- The Washington Times - Wednesday, September 22, 2004

Designs of flowers make up the patterns of many Oriental rugs, and the Textile Museum currently shows their use in cultures as different as India, China, Persia, Turkey and Central Asia. In the handsome exhibition Floral Perspectives in Carpet Design, the museum shows how these cultures sent spiritual, artistic and cultural messages through these carpets, which date from the 17th through the 19th centuries. Twelve of them come from the museum’s permanent collections. At the Textile Museum, 2320 S St. NW. 10 a.m. to 5 p.m. Mondays through Saturdays, 1 p.m. to 5 p.m. Sundays through Feb. 6. Free, with a suggested donation of $5. 202/667-0441.

— Joanna Shaw-Eagle

M. Butterfly premiered in Washington in 1988, when theater audiences were still relatively naive about gender blending. The shock value may have worn off, but Arena’s excellent revival remains powerful and wrenching. David Henry Hwang’s Tony-winning play is based on a true story, that of a French diplomat in China who carried on a 20-year affair with a Chinese opera singer, claiming never to have known that “she” was a “he” and a spy for Communist China to boot. The diplomat’s moral and psychological disintegration is almost painful to watch, as Stephen Bogardus’ Rene Gallimard goes from dominant male to tragic heroine, complete with fluttery hand gestures and eyes cast heavenward. Newcomer J. Hiroyuki Liao holds the audience spellbound through opera singer Song Liling’s almost absurd femininity, becoming in Act 2 a cruel, braying taunter in an Armani suit. Fichandler Stage at Arena Stage, 1101 Sixth St. SW. 7:30 p.m. Tuesday and Wednesday, 8 p.m. Thursday through Saturday, 2 p.m. Saturday and Sunday; 7:30 p.m. Sunday. Through Oct. 17. $45 to $59. 202/488-3300.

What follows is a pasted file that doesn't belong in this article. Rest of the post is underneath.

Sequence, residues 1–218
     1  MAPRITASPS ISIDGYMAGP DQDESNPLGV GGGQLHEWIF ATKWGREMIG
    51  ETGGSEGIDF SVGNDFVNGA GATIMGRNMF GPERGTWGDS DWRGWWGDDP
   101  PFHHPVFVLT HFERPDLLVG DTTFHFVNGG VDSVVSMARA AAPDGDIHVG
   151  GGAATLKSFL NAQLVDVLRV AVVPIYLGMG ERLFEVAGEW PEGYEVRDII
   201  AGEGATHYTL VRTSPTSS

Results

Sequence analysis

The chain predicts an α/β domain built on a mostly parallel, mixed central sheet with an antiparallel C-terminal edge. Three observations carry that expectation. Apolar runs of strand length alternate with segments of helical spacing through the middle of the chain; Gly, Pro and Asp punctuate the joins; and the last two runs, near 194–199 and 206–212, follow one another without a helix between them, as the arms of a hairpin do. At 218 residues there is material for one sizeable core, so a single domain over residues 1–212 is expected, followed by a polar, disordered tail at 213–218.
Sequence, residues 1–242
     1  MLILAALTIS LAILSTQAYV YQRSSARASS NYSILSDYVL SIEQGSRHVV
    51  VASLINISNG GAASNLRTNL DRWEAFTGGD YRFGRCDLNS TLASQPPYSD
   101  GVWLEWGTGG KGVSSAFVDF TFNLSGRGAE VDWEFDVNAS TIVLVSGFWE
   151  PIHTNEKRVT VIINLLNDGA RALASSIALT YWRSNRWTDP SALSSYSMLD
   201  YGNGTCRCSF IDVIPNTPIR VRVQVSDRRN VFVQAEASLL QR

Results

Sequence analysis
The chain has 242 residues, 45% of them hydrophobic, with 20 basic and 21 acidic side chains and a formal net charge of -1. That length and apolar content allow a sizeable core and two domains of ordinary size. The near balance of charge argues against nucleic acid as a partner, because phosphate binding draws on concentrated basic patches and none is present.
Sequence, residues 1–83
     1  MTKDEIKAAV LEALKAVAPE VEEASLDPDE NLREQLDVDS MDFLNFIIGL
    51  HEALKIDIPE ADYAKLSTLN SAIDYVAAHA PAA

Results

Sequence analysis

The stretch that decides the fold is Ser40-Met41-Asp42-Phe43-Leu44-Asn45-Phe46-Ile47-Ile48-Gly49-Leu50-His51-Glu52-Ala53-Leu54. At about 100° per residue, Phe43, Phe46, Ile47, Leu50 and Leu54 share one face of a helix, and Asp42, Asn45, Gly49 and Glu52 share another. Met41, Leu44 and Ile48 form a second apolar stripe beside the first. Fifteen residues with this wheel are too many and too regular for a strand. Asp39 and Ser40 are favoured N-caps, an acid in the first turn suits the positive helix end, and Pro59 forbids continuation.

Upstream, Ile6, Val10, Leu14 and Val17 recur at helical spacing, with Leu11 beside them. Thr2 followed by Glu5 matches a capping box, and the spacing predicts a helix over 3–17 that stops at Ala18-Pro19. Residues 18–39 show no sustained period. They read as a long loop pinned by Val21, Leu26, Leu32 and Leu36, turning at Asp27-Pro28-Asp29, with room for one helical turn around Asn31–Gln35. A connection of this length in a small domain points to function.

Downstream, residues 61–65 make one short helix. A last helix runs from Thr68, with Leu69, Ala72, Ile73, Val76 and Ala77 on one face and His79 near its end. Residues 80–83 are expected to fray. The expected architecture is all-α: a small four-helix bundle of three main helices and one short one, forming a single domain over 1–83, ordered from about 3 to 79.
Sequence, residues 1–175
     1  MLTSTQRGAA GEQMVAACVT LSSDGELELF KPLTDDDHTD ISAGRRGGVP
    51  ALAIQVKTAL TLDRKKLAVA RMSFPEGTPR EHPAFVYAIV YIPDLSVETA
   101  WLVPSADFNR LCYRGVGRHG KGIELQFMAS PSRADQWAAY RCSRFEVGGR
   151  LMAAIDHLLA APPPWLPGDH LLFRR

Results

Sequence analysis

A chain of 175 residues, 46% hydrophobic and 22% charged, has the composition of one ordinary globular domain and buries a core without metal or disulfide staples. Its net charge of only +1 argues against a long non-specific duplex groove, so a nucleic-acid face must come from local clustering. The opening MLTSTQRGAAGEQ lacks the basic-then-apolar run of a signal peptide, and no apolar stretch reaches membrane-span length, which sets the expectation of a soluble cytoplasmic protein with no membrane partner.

— Jayne Blanchard

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